Faithlegg's holy well

Many readers will know that we have a holy well in Faithlegg dedicated to St Ita.  January 15th is her feast day, (she reputedly died on this day in 570AD).  We looked at St Ita around the same time last year, and I left it with a question in terms of why the well is dedicated to her.  I still haven't answered this to my personal satisfaction and have a few more thoughts on it, but to begin, here’s an overview.


Various sources state that Ita was born Princess Deirdre, to King Kennoelad and Queen Necta  of the Deise tribe in Waterford circa 470AD.  Her birth place is not certain but the majority of written accounts speculate that it was in or around Ballyduff, Kilmeaden.   A few online sources have claimed she was born in Faithlegg. 

via www.holyimagesicons.com
Ita travelled throughout the Deise area and appears to have studied in Ardmore, Clashmore and Lismore, and eventually she settled down in Killeedy in East Limerick where she founded her monastery.  There she ran a school which was responsible for the teaching of many early churchmen and women, including St Brendan the Navigator.  So many passed through her hands that she earned the nickname "foster mother of the saints of Erin". St Ita is often described as the Bridgid of Munster, highlighting her position in the pantheon of Irish female saints, a close second to Bridgid of Kildare.  

Last year I speculated on several theories about the well being dedicated to her at Faithlegg. However this year I wanted to highlight what for me is an inconsistency. You see when Canon Power was doing his famous work on the Placenames of the Decies (published in 1907), he actually mentions several wells in the area, but omits any mention of St Ita.

For him, the well we now know as St Ita's, is known as Tobar Sionnaig or the Well of the Fox.  What he actually says about it is this: "...though it is possible that the latter member of the name is personal.  This well, which is nearly opposite the church and on the west side of the road, had a reputation for sanctity.  Rounds or stations were said here, but have been discontinued for nearly a century"

I find it puzzling that Power would have no mention of a christian saint, if such a name was associated with the well at the time.  Maybe he was going with the earlier work of another renowned placename researcher John O'Donovan and the staff of Ordnance Survey Ireland who between 1829 and 1842 completed the first ever large-scale survey of an entire country. Acclaimed for their accuracy, these maps are regarded by cartographers as amongst the finest ever produced.   We've seen the lengths these early map makers went to for accuracy with the name of Faitlegg previously.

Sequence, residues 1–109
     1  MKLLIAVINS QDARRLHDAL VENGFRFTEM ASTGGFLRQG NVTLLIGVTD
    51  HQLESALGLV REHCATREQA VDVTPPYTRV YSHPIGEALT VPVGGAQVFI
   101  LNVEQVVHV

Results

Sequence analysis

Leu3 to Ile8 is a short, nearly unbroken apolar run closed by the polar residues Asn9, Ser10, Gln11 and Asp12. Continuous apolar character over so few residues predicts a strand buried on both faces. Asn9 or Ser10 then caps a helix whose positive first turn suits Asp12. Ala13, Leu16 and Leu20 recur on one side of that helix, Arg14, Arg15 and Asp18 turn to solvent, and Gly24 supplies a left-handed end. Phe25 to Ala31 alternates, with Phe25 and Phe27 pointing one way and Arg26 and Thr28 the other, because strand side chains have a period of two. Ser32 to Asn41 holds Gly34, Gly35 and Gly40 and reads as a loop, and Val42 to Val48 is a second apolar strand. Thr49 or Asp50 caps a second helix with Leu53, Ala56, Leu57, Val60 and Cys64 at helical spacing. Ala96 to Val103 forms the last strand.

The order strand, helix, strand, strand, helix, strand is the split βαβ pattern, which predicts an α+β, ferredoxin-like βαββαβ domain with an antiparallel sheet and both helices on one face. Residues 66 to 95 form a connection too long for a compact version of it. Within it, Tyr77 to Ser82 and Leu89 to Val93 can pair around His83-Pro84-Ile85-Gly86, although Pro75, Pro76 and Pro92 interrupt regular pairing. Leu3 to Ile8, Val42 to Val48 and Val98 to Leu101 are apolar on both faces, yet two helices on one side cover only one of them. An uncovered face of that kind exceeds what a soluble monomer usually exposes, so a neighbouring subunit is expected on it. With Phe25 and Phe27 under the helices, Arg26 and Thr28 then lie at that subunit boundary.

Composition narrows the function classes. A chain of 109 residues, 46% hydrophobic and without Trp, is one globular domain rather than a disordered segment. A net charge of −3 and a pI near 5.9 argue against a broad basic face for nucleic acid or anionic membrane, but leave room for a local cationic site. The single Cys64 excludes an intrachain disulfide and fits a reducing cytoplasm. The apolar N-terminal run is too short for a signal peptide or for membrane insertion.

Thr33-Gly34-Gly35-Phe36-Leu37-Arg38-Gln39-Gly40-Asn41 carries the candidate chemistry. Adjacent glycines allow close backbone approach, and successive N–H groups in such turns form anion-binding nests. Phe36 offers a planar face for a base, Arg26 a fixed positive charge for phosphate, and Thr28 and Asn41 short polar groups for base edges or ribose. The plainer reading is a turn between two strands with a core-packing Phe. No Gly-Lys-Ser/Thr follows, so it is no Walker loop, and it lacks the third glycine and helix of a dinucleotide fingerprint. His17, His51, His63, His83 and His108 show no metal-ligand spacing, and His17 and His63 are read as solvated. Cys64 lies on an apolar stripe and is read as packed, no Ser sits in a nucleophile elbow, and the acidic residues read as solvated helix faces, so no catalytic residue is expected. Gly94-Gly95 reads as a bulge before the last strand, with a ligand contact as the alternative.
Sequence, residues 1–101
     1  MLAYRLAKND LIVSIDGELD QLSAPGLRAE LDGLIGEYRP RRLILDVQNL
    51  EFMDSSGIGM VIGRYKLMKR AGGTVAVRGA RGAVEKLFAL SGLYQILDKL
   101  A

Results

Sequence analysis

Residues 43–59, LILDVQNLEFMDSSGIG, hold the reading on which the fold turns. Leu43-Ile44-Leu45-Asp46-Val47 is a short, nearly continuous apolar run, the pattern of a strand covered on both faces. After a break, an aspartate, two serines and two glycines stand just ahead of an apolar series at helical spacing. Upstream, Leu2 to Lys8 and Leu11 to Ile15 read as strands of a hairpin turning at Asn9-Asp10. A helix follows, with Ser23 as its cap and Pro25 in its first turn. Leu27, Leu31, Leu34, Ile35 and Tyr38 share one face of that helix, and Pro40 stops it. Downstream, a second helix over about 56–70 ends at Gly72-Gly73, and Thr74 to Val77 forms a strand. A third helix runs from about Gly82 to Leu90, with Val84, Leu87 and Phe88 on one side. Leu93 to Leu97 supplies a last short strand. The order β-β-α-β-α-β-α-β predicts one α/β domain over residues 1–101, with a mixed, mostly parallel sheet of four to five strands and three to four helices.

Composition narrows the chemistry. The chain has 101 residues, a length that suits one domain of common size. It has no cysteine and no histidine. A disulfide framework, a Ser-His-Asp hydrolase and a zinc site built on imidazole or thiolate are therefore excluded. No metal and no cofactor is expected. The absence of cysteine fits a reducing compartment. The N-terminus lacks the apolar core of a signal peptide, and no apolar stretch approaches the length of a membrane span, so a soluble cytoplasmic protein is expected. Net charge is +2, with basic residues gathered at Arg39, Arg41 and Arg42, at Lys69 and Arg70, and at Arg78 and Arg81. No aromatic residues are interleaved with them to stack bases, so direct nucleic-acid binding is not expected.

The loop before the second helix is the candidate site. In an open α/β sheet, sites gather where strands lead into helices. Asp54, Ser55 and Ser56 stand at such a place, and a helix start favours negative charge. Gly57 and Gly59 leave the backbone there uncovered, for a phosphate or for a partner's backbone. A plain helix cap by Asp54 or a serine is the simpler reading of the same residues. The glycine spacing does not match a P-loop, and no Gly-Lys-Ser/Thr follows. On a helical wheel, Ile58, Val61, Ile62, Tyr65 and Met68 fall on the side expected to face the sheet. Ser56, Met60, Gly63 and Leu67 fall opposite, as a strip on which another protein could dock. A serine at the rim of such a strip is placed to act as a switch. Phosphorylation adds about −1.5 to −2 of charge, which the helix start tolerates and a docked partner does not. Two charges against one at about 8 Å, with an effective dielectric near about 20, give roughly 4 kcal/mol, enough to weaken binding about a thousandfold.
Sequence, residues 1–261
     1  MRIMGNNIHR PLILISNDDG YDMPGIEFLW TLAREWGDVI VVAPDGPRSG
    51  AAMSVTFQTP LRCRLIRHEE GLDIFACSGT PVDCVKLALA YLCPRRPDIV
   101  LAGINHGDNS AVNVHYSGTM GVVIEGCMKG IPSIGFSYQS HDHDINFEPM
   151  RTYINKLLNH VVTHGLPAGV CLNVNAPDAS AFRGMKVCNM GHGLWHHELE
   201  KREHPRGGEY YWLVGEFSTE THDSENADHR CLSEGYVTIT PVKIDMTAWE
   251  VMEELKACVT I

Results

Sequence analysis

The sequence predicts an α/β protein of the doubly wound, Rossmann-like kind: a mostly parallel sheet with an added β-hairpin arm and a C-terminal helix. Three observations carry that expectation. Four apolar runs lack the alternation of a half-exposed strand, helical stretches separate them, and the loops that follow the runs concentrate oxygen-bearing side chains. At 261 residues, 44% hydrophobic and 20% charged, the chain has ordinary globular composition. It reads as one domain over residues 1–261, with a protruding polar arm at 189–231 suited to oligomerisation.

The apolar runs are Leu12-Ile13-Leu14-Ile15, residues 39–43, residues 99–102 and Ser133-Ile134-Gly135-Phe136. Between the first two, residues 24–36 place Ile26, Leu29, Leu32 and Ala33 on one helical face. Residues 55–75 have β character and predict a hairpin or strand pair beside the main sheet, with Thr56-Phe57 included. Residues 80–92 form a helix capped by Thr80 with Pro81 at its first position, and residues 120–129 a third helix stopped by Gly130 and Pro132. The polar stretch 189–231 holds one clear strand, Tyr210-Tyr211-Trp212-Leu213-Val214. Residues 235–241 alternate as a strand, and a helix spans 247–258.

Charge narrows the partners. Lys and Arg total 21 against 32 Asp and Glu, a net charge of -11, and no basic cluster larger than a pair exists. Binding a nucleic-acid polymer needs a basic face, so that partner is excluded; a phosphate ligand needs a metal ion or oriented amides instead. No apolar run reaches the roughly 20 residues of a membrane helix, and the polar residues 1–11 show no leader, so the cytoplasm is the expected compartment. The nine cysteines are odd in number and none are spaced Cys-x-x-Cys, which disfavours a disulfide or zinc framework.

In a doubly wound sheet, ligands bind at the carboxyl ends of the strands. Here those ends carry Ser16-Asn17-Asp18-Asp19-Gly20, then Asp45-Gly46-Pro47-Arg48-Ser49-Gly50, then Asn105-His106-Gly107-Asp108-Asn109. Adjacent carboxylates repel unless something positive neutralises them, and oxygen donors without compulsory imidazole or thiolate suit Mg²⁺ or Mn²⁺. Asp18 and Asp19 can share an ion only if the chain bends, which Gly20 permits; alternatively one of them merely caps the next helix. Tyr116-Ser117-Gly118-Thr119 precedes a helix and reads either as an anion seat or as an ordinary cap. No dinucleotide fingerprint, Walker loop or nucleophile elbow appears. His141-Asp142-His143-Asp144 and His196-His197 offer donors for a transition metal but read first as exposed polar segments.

OSI 6" B&W with Tobarshorork opposite Faithlegg Church
Canon Power was well known for doing his research, and would seek out older members of the community or those with learning to seek further information.  He does decry the lack of native Irish speakers in the parish at the time, but surely Ita or Idé would be a name that even the corruption of it would have giving him a clue.  The fact that Power was a local (Callaghan), would have surely strengthened his knowledge of the area.

Deena had a suggestion that Foxes were associated with saints and perhaps that would explain a connection.  She found stories associated with St Moling, St Kieran, St Patrick and even St Bridgid but none for Ita.  

I can draw no conclusions on this except to express the possibility that St Ita was a name of more modern origin, and one which O'Donovan and Power refuted, or at least ignored.  Is it possible that the Power's of Faithlegg brought it with them, when the moved into the area in 1816?.   Or is it an older name, that came to light after the efforts of the OSI and Canon Power.  Again, only more research will possibly tell.


Someone elses record of a visit to Faithlegg and St Ita's Well: https://edmooneyphoto.wordpress.com/tag/st-ita/

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